The submarines affair refuses to sink. Ultimately the truth will surface. Haaretz recently published two defense briefs by Netanyahu partisans Mor Altshuler and Yaakov Amidror, who sought to provide explanations and hypotheses for the multiple weighty questions the affair raises.
The timing is understandable. This is a critical point: just days ago Attorney General Avichai Mendelblit handed down his decision to close the case of Netanyahu’s holdings in steel shares without further investigation. The High Court will be imminently ruling on a petition by the Movement for Quality Government to reopen the case. Meanwhile, the submarines have taken center stage in the grassroots protest against the prime minister, which rose to an impressive new level last week as 5,000 cars decked out with model subs on their roofs made their way to Jerusalem, cheered on by thousands more demonstrators along the roads and bridges.
The article by Amidror, who served as head of the National Security Council under Netanyahu at the start of the decade, cannot go unanswered and this is a good opportunity to reorganize the big picture. Amidror begins “The Truth about the Submarine Affair” (Haaretz, October 21) thusly: “The ‘submarines question’ is really three different questions: 1. Does Israel need a sixth submarine? 2. The matter of Israel’s agreement to sell a submarine to Egypt. 3. Who needs nine submarines?”
Never mind Amidror’s answers. Let us respond in the spirit of his pal Netanyahu: These are not the right questions. And it’s not even the correct name for the affair. Its correct name is the submarines-ships-shares affair, and here are the right questions to ask:
1. Why did Netanyahu insist that Israel buy three new submarines costing 1.5 billion euros from ThyssenKrupp Marine Systems in stark opposition to the views of all Israel’s defense chiefs, including the defense minister and chief of staff?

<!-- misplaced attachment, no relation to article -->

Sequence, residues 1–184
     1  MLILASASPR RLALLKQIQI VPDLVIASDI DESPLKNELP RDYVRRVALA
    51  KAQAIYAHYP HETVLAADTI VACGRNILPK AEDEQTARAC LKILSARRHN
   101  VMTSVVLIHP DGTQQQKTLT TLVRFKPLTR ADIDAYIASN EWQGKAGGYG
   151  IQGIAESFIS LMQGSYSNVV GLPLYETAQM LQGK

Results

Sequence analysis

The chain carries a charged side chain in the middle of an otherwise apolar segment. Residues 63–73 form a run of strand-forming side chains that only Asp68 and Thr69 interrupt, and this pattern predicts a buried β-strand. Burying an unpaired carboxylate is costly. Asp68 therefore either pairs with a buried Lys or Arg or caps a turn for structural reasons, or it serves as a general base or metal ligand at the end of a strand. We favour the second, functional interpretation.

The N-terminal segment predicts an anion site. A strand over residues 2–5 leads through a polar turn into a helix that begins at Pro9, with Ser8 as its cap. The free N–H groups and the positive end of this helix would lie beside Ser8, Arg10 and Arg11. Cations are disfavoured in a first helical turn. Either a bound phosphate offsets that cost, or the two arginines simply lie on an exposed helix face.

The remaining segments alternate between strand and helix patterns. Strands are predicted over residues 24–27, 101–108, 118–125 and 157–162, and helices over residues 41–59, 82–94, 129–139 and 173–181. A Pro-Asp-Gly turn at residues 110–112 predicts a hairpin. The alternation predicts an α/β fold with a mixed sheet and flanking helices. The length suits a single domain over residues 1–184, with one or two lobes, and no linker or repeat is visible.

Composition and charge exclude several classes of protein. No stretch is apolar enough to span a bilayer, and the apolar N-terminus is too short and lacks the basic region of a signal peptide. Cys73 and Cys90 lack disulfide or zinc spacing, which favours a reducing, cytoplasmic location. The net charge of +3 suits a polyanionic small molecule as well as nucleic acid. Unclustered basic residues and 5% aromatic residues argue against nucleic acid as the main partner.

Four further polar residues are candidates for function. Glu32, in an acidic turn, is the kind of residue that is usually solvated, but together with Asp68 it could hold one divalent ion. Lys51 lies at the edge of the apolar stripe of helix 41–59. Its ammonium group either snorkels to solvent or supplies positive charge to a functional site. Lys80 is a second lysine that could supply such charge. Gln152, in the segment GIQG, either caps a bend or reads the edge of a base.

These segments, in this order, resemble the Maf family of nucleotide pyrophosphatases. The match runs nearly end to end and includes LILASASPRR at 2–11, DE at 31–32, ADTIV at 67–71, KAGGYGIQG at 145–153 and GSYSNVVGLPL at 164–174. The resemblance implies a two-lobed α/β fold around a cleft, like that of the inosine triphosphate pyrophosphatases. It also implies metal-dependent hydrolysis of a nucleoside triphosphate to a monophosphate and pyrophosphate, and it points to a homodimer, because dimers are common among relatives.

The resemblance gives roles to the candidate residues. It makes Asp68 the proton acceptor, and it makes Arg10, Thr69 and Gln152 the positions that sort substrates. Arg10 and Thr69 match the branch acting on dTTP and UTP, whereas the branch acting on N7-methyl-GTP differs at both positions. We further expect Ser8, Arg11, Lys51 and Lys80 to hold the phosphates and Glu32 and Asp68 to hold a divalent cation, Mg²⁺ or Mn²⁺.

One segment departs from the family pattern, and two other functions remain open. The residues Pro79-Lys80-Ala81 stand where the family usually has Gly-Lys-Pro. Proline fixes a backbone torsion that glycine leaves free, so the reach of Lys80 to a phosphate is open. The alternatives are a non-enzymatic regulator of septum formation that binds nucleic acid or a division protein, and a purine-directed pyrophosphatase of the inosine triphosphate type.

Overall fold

2. Why didn’t buying submarines appear in the army’s strategic five-year “Gideon Plan,” and why was their purchase arranged via a private loan (from Bank Discount) for the first time in the country’s history, albeit with the approval of Finance Ministry Accountant General Michal Abadi-Boiangiu?
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3. Why did Netanyahu conceal his approval for Germany to sell advanced submarines to Egypt from the entire defense establishment, including the army and the intelligence agencies, which they learned of it through their own intelligence-gathering? (Amidror claims this was a “stupid mistake” – if so, then why did Netanyahu deny it when asked about it at the time, leaving Defense Minister Moshe Ya’alon having to ask President Rivlin to inquire about the matter during his meeting with German Chancellor Angela Merkel, who was stunned by the question?)
4. Why did Netanyahu throw all his weight behind scuttling a scheduled international tender for the purchase of four boats to defend Israel’s offshore gas rigs?